Turkeys

Transport

Catching and transporting birds can cause considerable pain and distress. Turkeys are much larger and stronger than chickens and can be nervous and easily frightened. Catchers are often less familiar with handling turkeys and many birds may be injured whilst being removed from sheds and thrust into crates. Poor handling frequently results in bruising, skin grazing and broken blood vessels. Transport to slaughter can be long distance and the birds may experience extremes of temperature, stress, suffocation and shock.  

Slaughter

Turkeys are normally slaughtered at between 9 and 21 weeks old, depending on the size of bird being produced. The natural lifespan of a turkey is 10 years. Over 18 million turkeys were slaughtered in the UK in 2012 (17 million in 2011) (1). The majority of birds are killed in large, semi-automated slaughterhouses.

Turkeys are removed from their crates and hung upside down by their legs from shackles on a moving line. Turkeys may legally hang shackled for 3 minutes before being stunned but this time could be exceeded (2). At slaughter, turkeys can weigh between 5 - 28kg and the pain caused to heavy birds whilst they hang in shackles is considerable. This pain is worsened by the fact that many of the birds, and especially the larger ones, will suffer from diseased hip joints. They are dragged head first through an electrically charged stunning water bath to make them unconscious before having their necks cut. For a bird to be stunned, rather than receiving an electric shock, the electric current must pass through its brain before contacting any other part of the body. But turkeys have a large wingspan which are in danger of entering the stunning bath before their heads (2,5). Research has identified two factors to reduce the danger of birds regaining consciousness as they bleed to death. Sufficient current should be used to induce a cardiac arrest and both carotid arteries in the neck (the main blood supply to the brain) must be severed to ensure that the turkeys die as quickly as possible. However, a number of slaughterhouses fail to regularly ensure both these factors are carried out (5).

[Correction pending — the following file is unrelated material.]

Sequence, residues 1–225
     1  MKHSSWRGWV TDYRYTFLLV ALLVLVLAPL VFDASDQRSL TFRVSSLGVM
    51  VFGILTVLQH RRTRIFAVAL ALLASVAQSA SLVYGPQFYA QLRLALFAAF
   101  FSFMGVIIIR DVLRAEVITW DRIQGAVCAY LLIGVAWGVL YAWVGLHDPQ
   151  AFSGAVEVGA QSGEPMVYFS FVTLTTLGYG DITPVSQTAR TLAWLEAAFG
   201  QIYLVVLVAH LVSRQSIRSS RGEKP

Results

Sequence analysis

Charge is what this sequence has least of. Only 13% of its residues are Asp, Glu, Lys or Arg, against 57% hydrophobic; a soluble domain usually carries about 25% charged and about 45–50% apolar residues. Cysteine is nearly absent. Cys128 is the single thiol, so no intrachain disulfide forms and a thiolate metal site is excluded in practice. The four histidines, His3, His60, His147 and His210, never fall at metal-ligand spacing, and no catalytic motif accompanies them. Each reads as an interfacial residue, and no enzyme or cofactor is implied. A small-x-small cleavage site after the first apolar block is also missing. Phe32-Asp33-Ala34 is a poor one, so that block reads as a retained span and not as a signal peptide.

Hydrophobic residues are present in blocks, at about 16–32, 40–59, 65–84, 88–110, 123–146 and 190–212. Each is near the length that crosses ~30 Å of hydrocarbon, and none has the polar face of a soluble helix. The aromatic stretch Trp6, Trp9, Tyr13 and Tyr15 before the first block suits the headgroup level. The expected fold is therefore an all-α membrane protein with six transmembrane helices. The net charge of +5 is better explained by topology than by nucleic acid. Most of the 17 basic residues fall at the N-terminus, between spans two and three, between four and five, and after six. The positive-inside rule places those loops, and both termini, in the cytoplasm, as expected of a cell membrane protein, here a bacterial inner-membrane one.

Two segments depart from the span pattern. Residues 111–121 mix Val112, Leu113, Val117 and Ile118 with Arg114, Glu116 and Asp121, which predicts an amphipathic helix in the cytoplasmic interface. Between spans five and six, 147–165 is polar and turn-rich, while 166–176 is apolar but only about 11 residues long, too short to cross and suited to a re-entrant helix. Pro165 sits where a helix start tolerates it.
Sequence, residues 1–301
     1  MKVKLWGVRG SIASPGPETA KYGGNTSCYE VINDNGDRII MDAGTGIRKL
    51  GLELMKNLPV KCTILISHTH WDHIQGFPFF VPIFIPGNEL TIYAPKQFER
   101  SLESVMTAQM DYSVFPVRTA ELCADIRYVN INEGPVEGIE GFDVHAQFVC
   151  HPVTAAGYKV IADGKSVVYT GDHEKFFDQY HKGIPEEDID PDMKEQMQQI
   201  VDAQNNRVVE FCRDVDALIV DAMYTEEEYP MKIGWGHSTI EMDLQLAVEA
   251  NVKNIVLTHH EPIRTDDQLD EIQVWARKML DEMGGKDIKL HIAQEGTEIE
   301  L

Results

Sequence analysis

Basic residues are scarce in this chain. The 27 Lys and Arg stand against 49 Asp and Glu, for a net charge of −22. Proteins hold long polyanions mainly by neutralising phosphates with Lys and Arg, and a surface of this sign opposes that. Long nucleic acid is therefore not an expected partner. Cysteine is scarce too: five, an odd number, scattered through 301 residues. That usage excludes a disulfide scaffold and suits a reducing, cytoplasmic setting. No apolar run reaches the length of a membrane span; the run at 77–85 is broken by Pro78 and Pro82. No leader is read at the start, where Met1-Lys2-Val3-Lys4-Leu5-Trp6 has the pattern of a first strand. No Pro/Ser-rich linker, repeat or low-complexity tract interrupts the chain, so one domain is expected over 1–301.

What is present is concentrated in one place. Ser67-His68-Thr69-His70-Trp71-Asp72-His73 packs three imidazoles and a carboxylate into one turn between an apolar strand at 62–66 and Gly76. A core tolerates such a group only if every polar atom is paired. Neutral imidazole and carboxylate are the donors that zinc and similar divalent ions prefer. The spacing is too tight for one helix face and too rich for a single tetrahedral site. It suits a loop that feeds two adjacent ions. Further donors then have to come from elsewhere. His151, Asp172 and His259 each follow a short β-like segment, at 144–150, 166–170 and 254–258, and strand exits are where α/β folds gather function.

Once turkeys have been slaughtered they are placed in a scalding tank designed to loosen the feathers before plucking. Due to the additional demand for turkeys at Christmas ‘Seasonal Slaughterhouses’ are used and 10 million turkeys are killed in the run up to Christmas (7). Many turkeys are killed by having their necks dislocated but research has shown that this does not always have an immediate effect and unconsciousness may not be instant (2).

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The Vegetarian Society of the United Kingdom Limited, Parkdale, Dunham Road, Altrincham WA14 4QG
Registered Charity No. 259358, Registered Company No. 959115 (England and Wales)

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